‘Shantaram,’ the Book

by on January 14th, 2011
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“Shantaram” is a big, sprawling novel of crime and redemption set in Bombay, India, during the 1980s. On a panoramic canvas that extends from India to Australia to Africa and Afghanistan, Gregory David Roberts tells an old-fashioned first-person adventure story that is colorful, gripping, poignant, and kicking with life.

The much-delayed movie of the book, starring Johnny Depp and directed by Mira Nair, is still more or less up in the air.

In his novel, apparently using some of his own life experience, Roberts’ novel tells the story of a desperate drug addict who escapes from prison in Australia, as Roberts once did. The narrator of this 936-page novel is sort of cross between Chuck Norris and Mother Theresa, a fighter with a hunger for selfless spiritual transcendence, and there are countless interesting threads to the colorful, pungent, nearly unbelievable story he weaves.

After breaking out of jail, the narrator makes it to Bombay, where he falls in love with a beautiful expatriate, the mysterious Karla, but he never really gets the girl. Living by his wits as a low-level fixer, the narrator meets a little Indian hustler with a limited command of English but an immense smile, Prabaker. Visiting Prabaker’s village the narrator receives the Indian name “Shantaram,” which means man of peace.

The narrator undergoes a long pleasant interlude in the poorest of Bombay slums, becoming a sort of amateur doctor of the poor. The sights and smells of the Bombay slum, its community, its struggles, its rats and dogs and fires and filth as well as the decent people who struggle to live there on almost no money, are among the most vividly described and felt portions of the book, as the narrator struggles to fake it as a doctor while learning as he goes along.

But the narrator is also a street hustler, living by his wits. At the same time he’s curing sick people, he’s scoring money as a low-level criminal in Bombay, fixing tourists up with local suppliers of drugs and so forth. The narrator meets many denizens of Bombay’s lower and criminal classes, including a charismatic Bombay mafia chief, the Afghan Abdel Khader Khan, who takes the narrator under his wing and introduces him into the lucrative black arts of laundering money and counterfeiting passports, smuggling and more.

When Khan asks him to go with him to Afghanistan, to deliver weapons and medicines to the mujahedeen (then battling Russian occupation and supported by the United States) the narrator agrees. He is among a group who embarks on a perilous winter journey on horses through Pakistan and up into the snows of Afghanistan’s cold, perilous mountains. Betrayed, they wind up in a shootout which kills Khan and almost kills the narrator, who suffers severe frostbite while being pulled to safety through the snow. On this journey, the narrator is also relieved of some of his illusions, and also learns he has been manipulated and betrayed by Kahn and by the woman he has long idealized and loved.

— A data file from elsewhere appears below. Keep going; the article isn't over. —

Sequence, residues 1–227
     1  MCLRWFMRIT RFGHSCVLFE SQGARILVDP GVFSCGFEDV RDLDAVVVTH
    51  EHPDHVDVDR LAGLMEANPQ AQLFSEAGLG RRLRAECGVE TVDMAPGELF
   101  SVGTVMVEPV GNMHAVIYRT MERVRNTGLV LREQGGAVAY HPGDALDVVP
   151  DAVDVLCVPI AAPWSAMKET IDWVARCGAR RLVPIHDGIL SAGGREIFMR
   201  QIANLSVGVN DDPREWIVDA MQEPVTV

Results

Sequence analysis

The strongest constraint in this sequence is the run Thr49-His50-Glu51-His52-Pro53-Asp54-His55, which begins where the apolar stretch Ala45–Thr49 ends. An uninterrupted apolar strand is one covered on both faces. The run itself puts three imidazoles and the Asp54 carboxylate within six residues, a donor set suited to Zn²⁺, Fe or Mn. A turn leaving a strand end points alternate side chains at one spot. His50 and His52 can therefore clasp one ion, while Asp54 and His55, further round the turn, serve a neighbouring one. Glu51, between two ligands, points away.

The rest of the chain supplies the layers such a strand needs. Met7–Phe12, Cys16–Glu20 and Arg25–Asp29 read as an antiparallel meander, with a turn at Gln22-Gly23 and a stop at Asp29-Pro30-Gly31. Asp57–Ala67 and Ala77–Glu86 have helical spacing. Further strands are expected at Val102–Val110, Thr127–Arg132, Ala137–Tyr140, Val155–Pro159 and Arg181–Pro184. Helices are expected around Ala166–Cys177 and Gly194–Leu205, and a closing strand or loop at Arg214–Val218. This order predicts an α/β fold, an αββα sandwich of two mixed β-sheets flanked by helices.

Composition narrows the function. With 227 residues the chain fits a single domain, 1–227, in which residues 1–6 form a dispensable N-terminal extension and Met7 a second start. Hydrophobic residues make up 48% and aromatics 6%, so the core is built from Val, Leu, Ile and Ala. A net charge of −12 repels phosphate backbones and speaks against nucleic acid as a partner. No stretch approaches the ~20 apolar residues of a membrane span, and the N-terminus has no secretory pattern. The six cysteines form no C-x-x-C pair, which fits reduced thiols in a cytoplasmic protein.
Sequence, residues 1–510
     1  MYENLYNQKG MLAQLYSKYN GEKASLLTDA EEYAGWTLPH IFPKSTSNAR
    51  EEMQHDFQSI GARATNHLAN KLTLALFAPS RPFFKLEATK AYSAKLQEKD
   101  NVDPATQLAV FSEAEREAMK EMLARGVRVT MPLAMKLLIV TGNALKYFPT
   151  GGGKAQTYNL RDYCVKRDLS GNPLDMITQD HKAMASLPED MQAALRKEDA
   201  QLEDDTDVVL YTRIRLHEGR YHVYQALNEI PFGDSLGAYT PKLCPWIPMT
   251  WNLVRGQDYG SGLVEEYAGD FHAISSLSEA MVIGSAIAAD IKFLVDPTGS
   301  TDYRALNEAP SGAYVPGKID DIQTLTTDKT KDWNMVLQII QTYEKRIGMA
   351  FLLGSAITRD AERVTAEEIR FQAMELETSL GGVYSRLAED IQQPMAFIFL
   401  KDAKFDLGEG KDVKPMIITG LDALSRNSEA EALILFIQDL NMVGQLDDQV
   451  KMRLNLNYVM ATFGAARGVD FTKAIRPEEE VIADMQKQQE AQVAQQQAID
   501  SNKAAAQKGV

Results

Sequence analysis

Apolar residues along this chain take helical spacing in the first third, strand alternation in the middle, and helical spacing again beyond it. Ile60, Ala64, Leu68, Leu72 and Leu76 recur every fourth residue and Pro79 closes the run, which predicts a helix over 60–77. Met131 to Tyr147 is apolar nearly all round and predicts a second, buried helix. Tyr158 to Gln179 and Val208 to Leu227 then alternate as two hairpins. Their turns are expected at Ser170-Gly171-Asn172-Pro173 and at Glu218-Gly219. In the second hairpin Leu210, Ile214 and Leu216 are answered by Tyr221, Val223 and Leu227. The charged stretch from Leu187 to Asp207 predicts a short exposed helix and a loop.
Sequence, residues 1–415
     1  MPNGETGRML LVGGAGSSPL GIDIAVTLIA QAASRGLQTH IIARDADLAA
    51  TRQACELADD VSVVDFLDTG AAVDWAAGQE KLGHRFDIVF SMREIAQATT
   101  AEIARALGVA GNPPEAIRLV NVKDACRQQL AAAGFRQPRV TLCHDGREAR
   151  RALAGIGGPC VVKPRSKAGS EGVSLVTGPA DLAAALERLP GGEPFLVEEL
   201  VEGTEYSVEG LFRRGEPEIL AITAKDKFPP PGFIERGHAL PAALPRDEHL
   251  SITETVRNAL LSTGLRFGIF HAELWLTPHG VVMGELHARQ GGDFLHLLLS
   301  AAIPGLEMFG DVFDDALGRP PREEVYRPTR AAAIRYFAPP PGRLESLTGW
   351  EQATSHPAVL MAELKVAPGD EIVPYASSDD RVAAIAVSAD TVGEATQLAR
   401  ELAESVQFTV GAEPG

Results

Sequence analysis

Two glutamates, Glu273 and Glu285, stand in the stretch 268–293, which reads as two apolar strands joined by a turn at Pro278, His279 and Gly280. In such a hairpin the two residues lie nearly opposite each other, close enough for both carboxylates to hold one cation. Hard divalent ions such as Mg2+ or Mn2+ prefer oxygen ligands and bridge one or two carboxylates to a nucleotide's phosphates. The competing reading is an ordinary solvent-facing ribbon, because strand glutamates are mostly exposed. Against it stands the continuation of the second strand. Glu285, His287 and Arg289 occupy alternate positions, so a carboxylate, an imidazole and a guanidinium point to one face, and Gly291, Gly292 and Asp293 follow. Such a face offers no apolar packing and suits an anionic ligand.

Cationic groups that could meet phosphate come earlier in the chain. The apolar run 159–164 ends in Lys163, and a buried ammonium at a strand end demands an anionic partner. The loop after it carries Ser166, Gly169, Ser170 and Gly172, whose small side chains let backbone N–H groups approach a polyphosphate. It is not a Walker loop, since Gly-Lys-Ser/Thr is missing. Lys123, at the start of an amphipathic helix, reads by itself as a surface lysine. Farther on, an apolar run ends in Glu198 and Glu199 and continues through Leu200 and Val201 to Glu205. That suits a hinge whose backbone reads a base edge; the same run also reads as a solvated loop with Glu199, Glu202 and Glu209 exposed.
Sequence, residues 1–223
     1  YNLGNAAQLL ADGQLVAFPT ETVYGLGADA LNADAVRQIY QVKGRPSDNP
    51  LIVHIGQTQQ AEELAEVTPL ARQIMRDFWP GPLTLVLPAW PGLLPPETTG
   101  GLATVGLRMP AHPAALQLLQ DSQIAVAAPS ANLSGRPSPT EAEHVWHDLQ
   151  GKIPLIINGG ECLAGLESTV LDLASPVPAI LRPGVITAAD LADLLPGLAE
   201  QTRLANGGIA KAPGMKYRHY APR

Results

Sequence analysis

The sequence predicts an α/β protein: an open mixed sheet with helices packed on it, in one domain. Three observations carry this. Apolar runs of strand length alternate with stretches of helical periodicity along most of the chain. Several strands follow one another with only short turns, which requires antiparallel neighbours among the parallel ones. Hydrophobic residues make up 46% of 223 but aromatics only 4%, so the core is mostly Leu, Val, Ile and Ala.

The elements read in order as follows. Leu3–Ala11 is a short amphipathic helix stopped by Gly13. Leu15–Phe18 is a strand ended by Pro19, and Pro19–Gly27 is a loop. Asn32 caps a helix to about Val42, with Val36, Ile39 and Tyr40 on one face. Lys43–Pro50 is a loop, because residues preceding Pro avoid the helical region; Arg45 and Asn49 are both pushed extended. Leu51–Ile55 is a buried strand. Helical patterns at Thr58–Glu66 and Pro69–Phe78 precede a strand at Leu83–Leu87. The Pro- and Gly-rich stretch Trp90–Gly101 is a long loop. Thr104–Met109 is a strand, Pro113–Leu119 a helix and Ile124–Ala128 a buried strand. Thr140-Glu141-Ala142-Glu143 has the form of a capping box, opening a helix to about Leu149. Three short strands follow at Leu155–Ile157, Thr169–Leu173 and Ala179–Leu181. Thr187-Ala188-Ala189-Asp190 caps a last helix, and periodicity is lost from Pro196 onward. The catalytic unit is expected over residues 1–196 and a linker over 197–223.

The narrator plunges through leper colonies and opium dens and Bollywood movie studios and expensive Indian whorehouses and mountain villages and violent Indian prisons and Bombay mafia councils and more, smoking beedies and hashish, mastering the local Marithi language along the way, and occasionally having to fight his way to survival and usually making a good showing for himself without ever killing a man.

While some of the plot is reminiscent of “The Godfather,” in that the beloved noble Mafia chieftain is the last holdout against dealing in drugs or prostitution, and the love interest while often poetic isn’t quite fleshed out, and if it all this sometimes seems a little too cinematic, and trying to have it all, Roberts does hook us into the poetry of life on the lam and he has written a remarkable, readable, exotic dream of a book.

In real life, in 1990 Roberts was captured smuggling heroin into Germany after living for 10 years in India. He served the balance of his sentence for armed robbery in Australia, and moved back to Bombay, the richest and most highly populated city in India as well as its movie capital. He worked on “Shantaram” for 13 years, and says it is a novel, not an autobiography, and surely no person could be this tough and this good.

Roberts the writer hooks a whale of a lot of adventure around the funky corrupt grandeur of Bombay (now called Mumbai) as it was, just a few years ago, but the wheels of global homogenization are turning and Bombay as Roberts writes about it and saw it may never be that same way again.

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